My recommendation, before you begin to add colour, is to ensure that your drawing is as accurate as possible. You have a good feel for colour, and clearly enjoy using your pastels, the technique and application of the pastels is confident and lively - but your drawing lets you down. Drawing is all about patience, and as much accuracy as possible. This means measuring, and adjusting, until the drawing is as good as you can get it. THEN you can let rip with the colour!
Hope this helps
05-05-2015, 07:52 AM
I am enjoying the ebbs and flows that come with growth. The journey is just as much fun as a completed piece. Maybe today I will be able to fix the things you pointed out. The first thing that will be fixed is the base of the tipped over flower pot. Then I will widen the top of the red vase, and widen the bpdy of the green vase. Afterwards I will change the ellipse on the green vase to reflect a side view.
Thank you, Jackie!
05-05-2015, 10:54 AM
George, I like the composition, the colors, the feel of this piece. You've gone a big leap in composition with it, the balance, size and shape of the arrangement is good. This one really works.
As for the Ellipse Problem, you are so not the only one. I've fought with them for years. So have a lot of us, maybe most representational artists. I eventually licked it but not without a ton of sketching and plenty of critiques on WC to help me sort it out. Not to mention half a dozen books and sundry videos. It's one of those things that doesn't come easy even when you know it in your head. Getting eyes to see it and then hands to do it is crazy making and that stage can last a LONG time!
My last suggestion after Jackie's applies not to this painting but the next. In your shoes I would start still life paintings and post the outline sketches in charcoal first before even adding color. Let people help with perspective while it's just a few charcoal lines that can be easily erased, moved and painted over. Save a lot of time an effort. Likewise sketching in a simple line on each object for its basic modeling shadow form - simplify even complex modeling shadows to one division that helps define light. Outline cast shadows.
Posting at that sketch stage can correct a world of hurt and leave you painting later on a solid design. It'd also help composition problems but a notan helps more for that. The notan doesn't have to have perfect ellipses but if they are in the ballpark it helps.
More of a method suggestion for next few than anything else. It's some of what I did to finally beat ellipses, I ground down on my sketchbook and did a lot of cylindrical regular and irregular objects in perspective in charcoal or sketch level, Conte, pencils, pastels with only one layer, etc.
I varied what I did the sketching in to keep from getting bored with the same stupid cup from life over and over. Vases with that ginger jar shape can be real trippy keeping them symmetrical. Best thing for symmetry on all cylinder shapes is a construction line down the middle and measure the sides, sketch one good line, get it more or less accurate and then measure across at key points to keep it the same shapes and angles. Or the lazy way, literally draw half of it and then trace with soft charcoal on printer paper, flip it over and transfer the same line. Nothing wrong with tools!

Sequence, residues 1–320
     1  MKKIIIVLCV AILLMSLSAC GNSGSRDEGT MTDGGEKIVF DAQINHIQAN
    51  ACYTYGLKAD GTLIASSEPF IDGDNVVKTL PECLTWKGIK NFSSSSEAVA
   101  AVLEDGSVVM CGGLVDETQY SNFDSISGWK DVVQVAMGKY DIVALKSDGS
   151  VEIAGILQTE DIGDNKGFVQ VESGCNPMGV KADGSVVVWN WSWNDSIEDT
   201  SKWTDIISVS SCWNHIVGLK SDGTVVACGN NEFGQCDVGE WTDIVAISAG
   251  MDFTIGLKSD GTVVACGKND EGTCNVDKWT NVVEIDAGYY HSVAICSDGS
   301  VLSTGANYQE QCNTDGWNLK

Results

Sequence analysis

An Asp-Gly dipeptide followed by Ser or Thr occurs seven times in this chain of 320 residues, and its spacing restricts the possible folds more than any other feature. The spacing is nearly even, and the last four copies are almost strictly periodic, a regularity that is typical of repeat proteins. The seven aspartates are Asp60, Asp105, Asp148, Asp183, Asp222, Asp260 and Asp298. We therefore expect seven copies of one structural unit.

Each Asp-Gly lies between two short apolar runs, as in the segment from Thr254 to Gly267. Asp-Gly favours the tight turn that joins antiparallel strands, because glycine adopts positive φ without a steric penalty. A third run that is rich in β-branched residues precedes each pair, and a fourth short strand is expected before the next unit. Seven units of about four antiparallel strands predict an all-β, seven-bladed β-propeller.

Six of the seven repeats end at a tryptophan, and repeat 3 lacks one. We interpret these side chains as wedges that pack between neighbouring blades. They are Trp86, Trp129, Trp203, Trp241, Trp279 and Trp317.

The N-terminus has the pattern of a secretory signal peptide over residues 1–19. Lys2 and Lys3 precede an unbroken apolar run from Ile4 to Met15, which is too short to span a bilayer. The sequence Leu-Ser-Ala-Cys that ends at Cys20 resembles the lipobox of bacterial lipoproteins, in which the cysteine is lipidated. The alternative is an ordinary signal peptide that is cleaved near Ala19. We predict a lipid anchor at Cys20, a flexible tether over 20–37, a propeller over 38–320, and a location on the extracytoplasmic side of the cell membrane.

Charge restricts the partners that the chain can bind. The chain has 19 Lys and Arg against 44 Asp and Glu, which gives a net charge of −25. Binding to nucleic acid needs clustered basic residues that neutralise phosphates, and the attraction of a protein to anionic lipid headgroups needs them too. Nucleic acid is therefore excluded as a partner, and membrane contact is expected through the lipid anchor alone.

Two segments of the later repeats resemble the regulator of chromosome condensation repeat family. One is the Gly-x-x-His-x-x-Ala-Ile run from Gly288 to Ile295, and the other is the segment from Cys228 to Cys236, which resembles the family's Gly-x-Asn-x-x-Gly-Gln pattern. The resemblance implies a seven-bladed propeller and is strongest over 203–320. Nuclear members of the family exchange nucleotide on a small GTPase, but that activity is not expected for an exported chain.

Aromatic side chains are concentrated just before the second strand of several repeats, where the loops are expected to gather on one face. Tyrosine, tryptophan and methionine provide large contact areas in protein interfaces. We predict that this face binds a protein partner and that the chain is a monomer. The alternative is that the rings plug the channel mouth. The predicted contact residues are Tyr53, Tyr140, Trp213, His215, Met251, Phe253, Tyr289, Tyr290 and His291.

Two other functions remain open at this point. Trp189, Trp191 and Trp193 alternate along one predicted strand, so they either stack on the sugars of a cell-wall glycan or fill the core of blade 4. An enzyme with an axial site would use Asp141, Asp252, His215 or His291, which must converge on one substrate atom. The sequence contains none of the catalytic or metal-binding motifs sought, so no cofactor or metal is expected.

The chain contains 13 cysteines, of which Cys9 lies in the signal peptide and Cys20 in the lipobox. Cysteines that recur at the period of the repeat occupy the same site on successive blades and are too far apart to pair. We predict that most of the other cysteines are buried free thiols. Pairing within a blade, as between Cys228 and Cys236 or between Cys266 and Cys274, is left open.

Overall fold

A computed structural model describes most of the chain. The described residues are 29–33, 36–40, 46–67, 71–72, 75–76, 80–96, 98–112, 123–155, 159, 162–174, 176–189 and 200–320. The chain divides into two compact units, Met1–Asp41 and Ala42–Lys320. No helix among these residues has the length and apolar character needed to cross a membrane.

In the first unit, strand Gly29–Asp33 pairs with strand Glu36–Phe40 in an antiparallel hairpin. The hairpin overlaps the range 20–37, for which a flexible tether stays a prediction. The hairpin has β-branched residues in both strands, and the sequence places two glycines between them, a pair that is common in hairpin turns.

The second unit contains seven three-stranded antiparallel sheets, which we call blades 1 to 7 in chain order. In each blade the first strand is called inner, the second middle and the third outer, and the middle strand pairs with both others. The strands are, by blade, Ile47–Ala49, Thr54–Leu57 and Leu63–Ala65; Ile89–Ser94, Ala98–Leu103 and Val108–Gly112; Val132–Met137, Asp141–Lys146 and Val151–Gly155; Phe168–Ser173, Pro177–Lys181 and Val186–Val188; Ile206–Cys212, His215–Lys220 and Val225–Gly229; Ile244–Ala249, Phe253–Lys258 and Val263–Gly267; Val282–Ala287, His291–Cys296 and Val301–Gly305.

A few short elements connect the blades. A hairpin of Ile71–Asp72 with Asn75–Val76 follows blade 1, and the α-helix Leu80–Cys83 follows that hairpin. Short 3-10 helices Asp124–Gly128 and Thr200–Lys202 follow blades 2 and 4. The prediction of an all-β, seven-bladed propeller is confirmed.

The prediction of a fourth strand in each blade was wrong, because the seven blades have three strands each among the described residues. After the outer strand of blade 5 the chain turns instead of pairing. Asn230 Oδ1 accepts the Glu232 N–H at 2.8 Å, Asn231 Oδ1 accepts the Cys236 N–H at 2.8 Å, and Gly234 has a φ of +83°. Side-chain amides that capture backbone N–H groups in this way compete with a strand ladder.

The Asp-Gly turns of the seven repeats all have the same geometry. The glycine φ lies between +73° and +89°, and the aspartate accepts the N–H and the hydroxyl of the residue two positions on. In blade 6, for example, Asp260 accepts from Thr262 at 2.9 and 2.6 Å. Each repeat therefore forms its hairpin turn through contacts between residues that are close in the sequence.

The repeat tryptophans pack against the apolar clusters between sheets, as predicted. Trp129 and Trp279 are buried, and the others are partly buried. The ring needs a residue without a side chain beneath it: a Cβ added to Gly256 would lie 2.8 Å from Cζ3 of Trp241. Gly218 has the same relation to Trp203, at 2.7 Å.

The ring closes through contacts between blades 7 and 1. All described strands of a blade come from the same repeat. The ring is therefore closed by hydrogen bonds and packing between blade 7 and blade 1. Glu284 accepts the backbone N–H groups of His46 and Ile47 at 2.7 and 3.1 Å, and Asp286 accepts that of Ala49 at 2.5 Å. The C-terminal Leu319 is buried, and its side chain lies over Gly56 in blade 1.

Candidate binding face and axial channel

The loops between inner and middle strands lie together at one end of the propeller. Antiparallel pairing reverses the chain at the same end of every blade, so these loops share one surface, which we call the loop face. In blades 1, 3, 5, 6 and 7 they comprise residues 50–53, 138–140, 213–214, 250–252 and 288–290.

I also used to have a couple of ovals and circles guages - drafting stencils - and I would sometimes do ellipses using those back when I had all of my stuff instead of just some of it. Paying attention to direction and flattening but the tools kept them symmetrical. Those are a little expensive though and may not go large enough for big pastel paintings, worked well for small drawings though.
On this painting:
The bottom ellipse of the big vase seems to be a straight line, that should angle slightly. A bigger problem is the bucket handle forming a parallel straight line that forms a visual "tangent" and unless I'm staring right at it to distinguish what that big horizontal straight line is, I think of the bucket as transparent and distorting a flat bottom on the vase!
Suggestion: fix the tiny bit of bottom ellipse that shows by giving it a slight angle and then tilt the bucket handle up. Maybe prop it on another object or just let it stick up at an angle like it's a little stiff at the hinges. Maybe add a handle in the middle of the loop to make it clearer what it is. The placement of the bucket is awesome and its perspective actually looks good, it's just the handle being flat horizontal creates an optical illusion that doesn't work unless you want people to guess at figure-ground, opaque-transparent.
It's a trick that could make for a puzzling, interesting painting if you ever later do it on purpose. Most mistakes can also be special effects for their own uses as Jackie pointed out. Artists do distort perspective on purpose, but it helps to know what it would be if you got it right to do that well.
05-05-2015, 11:05 AM
great advice above
05-09-2015, 06:24 AM
I spent some time working on this last night. I am much happier with this and learned a few things from you guys, thanks :)
05-09-2015, 07:21 AM
MUCH better, well done you
05-09-2015, 07:52 AM
Thank you, Jackie :)
05-09-2015, 08:12 AM